The point of this section is to introduce you to some other
functions that don’t really require the work to graph that the ones that we’ve
looked at to this point in this chapter.
For most of these all that we’ll need to do is evaluate the function as
some x’s and then plot the points.
Constant Function
This is probably the easiest function that we’ll ever graph
and yet it is one of the functions that tend to cause problems for students.
The most general form for the constant function is,
where c is some
number.
Let’s take a look at so we can see what the graph of constant
functions look like. Probably the
biggest problem students have with these functions is that there are no x’s on the right side to plug into for
evaluation. However, all that means is
that there is no substitution to do. In
other words, no matter what x we plug
into the function we will always get a value of 4 (or c in the general case) out of the function.
So, every point has a y
coordinate of 4. This is exactly what
defines a horizontal line. In fact, if
we recall that is nothing more than a fancy way of writing y we can rewrite the function as,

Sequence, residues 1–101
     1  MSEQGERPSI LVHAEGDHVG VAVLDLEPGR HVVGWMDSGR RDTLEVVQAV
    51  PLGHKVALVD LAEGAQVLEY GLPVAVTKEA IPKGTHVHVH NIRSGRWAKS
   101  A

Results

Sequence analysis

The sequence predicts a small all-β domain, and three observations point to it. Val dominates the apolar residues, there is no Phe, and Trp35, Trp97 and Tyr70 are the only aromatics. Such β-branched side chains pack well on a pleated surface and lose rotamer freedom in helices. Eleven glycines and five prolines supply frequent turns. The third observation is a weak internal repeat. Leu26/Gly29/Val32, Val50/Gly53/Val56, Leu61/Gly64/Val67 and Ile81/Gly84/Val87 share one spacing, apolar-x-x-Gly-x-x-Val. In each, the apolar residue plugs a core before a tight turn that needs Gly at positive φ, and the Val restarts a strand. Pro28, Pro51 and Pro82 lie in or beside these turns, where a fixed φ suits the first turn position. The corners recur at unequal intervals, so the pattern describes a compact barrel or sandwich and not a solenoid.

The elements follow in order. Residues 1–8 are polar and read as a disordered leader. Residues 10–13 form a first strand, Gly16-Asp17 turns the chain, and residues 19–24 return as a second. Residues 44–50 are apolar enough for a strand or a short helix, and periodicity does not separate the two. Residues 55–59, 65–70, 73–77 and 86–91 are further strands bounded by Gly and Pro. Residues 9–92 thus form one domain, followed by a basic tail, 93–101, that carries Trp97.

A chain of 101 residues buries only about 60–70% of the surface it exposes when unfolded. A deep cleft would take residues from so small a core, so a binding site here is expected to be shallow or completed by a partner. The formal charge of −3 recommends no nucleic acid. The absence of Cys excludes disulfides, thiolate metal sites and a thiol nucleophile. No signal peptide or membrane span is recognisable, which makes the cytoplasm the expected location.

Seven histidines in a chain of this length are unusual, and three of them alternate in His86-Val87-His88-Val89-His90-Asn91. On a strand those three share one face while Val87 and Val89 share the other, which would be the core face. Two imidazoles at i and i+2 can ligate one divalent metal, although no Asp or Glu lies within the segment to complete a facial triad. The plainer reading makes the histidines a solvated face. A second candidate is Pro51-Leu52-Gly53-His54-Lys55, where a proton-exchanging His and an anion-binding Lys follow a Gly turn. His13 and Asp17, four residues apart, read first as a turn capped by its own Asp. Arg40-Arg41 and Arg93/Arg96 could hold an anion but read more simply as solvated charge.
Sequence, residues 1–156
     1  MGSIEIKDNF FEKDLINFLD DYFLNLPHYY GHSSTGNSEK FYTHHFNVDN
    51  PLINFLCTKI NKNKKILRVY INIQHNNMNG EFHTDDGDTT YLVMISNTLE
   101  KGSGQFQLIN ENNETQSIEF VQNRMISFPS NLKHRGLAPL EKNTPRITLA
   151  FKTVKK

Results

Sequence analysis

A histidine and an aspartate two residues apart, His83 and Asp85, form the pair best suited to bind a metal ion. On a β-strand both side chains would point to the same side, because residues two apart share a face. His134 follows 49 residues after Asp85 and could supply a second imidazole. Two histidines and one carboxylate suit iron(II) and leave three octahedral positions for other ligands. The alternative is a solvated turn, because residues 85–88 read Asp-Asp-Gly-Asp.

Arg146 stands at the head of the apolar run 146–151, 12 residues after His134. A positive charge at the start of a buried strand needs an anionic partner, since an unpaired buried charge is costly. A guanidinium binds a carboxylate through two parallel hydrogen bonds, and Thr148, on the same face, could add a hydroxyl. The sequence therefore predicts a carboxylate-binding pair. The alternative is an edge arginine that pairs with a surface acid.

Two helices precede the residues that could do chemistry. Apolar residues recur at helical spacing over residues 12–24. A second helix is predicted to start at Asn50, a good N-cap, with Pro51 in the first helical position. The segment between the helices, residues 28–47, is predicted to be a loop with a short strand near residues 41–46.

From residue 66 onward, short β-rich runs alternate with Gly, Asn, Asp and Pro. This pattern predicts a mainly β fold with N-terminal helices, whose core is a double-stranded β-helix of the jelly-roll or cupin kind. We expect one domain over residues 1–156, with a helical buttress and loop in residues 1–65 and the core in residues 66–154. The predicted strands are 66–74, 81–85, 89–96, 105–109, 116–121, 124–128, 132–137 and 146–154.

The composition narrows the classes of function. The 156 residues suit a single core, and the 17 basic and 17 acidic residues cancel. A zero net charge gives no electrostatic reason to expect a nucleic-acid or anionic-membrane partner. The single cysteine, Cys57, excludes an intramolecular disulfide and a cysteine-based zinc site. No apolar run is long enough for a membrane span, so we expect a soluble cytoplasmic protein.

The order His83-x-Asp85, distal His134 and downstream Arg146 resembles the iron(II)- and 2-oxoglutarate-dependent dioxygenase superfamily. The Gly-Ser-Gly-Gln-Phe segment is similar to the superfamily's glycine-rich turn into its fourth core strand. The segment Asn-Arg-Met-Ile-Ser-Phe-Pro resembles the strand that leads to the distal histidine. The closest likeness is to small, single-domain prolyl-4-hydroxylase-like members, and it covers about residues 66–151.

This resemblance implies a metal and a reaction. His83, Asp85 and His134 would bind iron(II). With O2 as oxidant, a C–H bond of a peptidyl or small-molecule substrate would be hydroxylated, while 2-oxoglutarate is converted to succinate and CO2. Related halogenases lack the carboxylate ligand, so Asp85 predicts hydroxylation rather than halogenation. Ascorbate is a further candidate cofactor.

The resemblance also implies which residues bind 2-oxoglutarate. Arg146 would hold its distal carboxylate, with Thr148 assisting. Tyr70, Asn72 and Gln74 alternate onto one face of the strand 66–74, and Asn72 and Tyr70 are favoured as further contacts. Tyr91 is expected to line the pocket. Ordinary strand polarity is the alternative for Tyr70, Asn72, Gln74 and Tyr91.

And this is exactly
the equation of a horizontal line.
Here is the graph of this function.
Square Root
Next we want to take a look at . First, note that since we don’t want to get
complex numbers out of a function evaluation we have to restrict the values of x that we can plug in. We can only plug in value of x in the range . This means that our graph will only exist in
this range as well.
To get the graph we’ll just plug in some values of x and then plot the points.
The graph is then,
Absolute Value
We’ve dealt with this function several times already. It’s now time to graph it. First, let’s remind ourselves of the
definition of the absolute value function.
This is a piecewise function and we’ve seen how to graph
these already. All that we need to do is
get some points in both ranges and plot them.
Here are some function evaluations.
x

f(x)

0

0

1

1

1

1

2

2

2

2

Here is the graph of this function.
So, this is a “V” shaped graph.
Cubic Function
We’re not actually going to look at a general cubic
polynomial here. We’ll do some of those
in the next chapter. Here we are only
going to look at . There really isn’t much to do here other than
just plugging in some points and plotting.
x

f(x)

0

0

1

1

1

1

2

8

2

8

Here is the graph of this function.
We will need some of these in the next section so make sure
that you can identify these when you see them and can sketch their graphs
fairly quickly.